What to Expect: Northwestern

  • 01/18/2013 12:04 pm in

011812anIndiana will look to rebound from a surprising home loss to Wisconsin on Sunday afternoon in Evanston as the No. 2 Hoosiers meet Northwestern. Dating back to last season, Indiana will be looking for its fourth straight road win in league play.

The game will be broadcast on Big Ten network at 1 p.m. with Gus Johnson and Mike Kelley on the call. 

If Indiana’s loss to Wisconsin taught us anything, it’s this: Don’t ever take anything for granted in this season’s Big Ten. The Hoosiers were favored by more than 10 points going into Tuesday’s game with the Badgers. Hours later, Wisconsin waltzed out of Assembly Hall in first place.

With four days to prepare, Indiana will travel to Welsh-Ryan Arena, which has often been a home away from home for the Hoosiers, to take on a Northwestern team coming off a 14-point win over Illinois in Champaign. That followed a 20-point Wildcat loss at home to Iowa and a 16-point win at Penn State.

It’s hard to pin down which Northwestern team will show up on Sunday. Will it be the team that just won back-to-back Big Ten games on the road? Or the one that is 2-6 over its last eight home games?


Northwestern’s hopes for a first NCAA Tournament appearance, albeit slim, were dealt a significant blow in mid-December when senior forward Drew Crawford was lost for the season after suffering a torn right labrum. Crawford was a potential all-Big Ten player and more importantly, an experienced veteran that Bill Carmody could rely upon. Northwestern was also without leading scorer Reggie Hearn (ankle) for games against Brown and Michigan, but he’s now healthy and will be one of the focal points for the IU defense on Sunday.

With a 59.9 effective field goal percentage and a 65.4 percent free throw rate, Hearn (pictured) is one of the Big Ten’s more efficient and effective guards. He’s particularly dangerous on threes, where he’s connecting on 41 percent of his attempts. Hearn, a senior, can also be disruptive defensively, as he leads the Wildcats with 22 steals. He’s joined in the backcourt by sophomore Dave Sobolewski, the only other Wildcat scoring in double figures. Sobolewski’s assist rate (29.4 percent) is fourth in the Big Ten and he’s connecting on close to 42 percent of his 3-point attempts.

The majority of the backcourt bench minutes will be played by freshman Tre Demps and senior Alex Marcotullio. Demps is coming off a 10-point, four rebound performance in Champaign and is shooting nearly as well on threes (37.2 percent) as he is on twos (41.0 percent). Marcotullio isn’t much of an offensive threat, but takes care of the ball like you’d expect a senior would.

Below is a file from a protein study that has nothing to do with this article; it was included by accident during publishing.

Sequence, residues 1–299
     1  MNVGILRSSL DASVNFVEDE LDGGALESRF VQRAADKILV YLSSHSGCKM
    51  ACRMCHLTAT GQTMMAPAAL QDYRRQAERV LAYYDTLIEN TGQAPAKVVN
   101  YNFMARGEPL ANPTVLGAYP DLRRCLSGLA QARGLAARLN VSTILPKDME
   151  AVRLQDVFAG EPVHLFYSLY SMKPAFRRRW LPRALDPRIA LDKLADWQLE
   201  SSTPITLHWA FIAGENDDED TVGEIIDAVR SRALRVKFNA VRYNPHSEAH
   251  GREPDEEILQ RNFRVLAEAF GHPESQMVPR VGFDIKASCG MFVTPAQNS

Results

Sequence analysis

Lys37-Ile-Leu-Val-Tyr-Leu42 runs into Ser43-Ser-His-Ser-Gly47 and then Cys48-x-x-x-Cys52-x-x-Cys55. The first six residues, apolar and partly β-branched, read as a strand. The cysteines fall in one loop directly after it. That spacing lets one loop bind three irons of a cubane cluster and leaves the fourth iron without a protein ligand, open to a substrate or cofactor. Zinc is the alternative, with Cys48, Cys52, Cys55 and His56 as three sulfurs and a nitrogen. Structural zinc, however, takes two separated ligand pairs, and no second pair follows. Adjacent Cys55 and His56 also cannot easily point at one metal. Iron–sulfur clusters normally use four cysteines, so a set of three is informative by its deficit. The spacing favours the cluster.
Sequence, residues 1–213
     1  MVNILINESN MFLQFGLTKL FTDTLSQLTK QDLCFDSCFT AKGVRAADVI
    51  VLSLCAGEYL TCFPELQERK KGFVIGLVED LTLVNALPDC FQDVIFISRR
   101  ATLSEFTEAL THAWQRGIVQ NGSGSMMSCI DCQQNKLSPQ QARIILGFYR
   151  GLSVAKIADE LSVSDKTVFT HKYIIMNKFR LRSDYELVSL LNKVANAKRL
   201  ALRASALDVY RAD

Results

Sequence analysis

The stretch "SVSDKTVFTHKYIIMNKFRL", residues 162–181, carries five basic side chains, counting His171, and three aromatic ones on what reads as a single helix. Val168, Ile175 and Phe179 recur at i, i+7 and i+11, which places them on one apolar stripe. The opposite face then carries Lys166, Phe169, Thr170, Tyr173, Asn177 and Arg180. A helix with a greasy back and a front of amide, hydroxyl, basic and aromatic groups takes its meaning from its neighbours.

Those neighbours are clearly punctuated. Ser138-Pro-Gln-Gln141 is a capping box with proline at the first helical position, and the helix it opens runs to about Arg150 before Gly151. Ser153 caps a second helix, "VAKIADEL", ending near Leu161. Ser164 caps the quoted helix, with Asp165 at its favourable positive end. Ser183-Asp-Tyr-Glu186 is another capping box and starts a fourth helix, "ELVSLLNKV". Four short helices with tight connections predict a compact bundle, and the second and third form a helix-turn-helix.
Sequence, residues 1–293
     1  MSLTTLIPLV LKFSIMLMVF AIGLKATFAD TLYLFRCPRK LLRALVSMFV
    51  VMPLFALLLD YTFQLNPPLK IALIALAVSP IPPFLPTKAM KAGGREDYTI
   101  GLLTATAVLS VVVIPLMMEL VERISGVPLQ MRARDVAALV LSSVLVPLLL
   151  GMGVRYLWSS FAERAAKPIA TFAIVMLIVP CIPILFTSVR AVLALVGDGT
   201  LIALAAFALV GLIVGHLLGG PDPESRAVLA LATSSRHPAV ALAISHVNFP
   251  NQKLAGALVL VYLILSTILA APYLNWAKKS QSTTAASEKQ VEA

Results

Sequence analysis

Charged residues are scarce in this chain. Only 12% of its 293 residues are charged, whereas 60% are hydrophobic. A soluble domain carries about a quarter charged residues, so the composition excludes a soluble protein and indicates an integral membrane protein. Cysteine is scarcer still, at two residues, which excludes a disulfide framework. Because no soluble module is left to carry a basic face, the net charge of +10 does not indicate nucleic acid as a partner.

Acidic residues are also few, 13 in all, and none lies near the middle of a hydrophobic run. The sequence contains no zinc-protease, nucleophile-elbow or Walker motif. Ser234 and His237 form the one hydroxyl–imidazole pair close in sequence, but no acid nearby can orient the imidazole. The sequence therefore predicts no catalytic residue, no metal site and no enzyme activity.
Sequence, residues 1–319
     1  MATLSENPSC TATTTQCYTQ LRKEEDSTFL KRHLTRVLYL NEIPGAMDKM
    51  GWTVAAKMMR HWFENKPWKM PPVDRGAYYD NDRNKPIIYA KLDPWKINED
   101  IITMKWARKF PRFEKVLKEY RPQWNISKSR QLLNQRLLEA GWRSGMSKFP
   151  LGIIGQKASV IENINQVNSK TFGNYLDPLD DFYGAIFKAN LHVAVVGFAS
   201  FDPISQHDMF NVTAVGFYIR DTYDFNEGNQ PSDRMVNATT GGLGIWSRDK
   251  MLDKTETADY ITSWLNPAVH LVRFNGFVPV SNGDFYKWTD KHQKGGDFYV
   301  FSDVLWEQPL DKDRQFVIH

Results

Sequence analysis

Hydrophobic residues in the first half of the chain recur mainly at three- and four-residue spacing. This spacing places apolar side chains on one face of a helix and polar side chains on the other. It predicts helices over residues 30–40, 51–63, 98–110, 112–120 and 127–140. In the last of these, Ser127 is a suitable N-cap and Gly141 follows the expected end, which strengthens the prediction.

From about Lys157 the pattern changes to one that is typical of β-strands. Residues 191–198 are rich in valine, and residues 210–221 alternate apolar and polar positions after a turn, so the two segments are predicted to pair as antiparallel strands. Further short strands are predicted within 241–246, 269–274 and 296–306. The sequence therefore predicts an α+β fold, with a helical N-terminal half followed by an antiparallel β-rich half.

The frontcourt situation is still very much a work in progress after the loss of Crawford. Seven-foot freshman Alex Olah is the anchor and has provided decent defensive rebounding production and has 20 blocks, but isn’t much of a threat to score. Senior Jared Swopshire, a transfer from Louisville, is the team’s third leading scorer (9.1) and leading rebounder (5.9). Kale Abrahamson, another freshman, is the third frontcourt starter. He has size at 6-foot-8, but is mostly a perimeter threat.



Northwestern hasn’t really deviated from what’s long been their plan of attack under Bill Carmody: A controlled pace of just under 63 possessions per game thus far in Big Ten play, a low turnover percentage (17.4), a heavy emphasis on the 3-point shot (37.2 of their FGA attempts are threes) and no offensive rebounding presence (27.8 OR%, 294th nationally).

As I wrote in this very space prior to the Wisconsin game, Indiana must attempt to dictate pace and do so early. Northwestern is going to attempt to go deep into possessions and force the Hoosiers to defend for all 35 seconds, but that objective could be disrupted if IU is able to get a lead early and force the Wildcats to play at their pace. It didn’t happen against Wisconsin, but figures to be a far more attainable task against Northwestern.

Northwestern isn’t particularly adept at creating turnovers (20.8 defensive turnover percentage), cleaning up the defensive glass (33.1 DR%) or guarding the 3-point line. Obviously Carmody must be concerned about stopping Indiana from raining threes, but Northwestern has allowed an offensive rebounding percentage of more than 40 five times this season. All five instances resulted in a loss.


Northwestern has been woeful at home this season, losing six of its last eight games at Welsh-Ryan Arena. It’s not fair to call any game in January a must win, but this is a game Indiana needs to win if Big Ten title aspirations are to stay intact.

Pomeroy likes Indiana to win fairly comfortably, 74-61, and gives Indiana an 88% chance of winning its 3rd Big Ten road game of the season. With Penn State coming to Bloomington on Wednesday, this a chance for the Hoosiers to start some positive momentum and then come back home and get ready for the Nittany Lions and a CBS showdown with Michigan State.

All tempo-free stats from KenPom.com.

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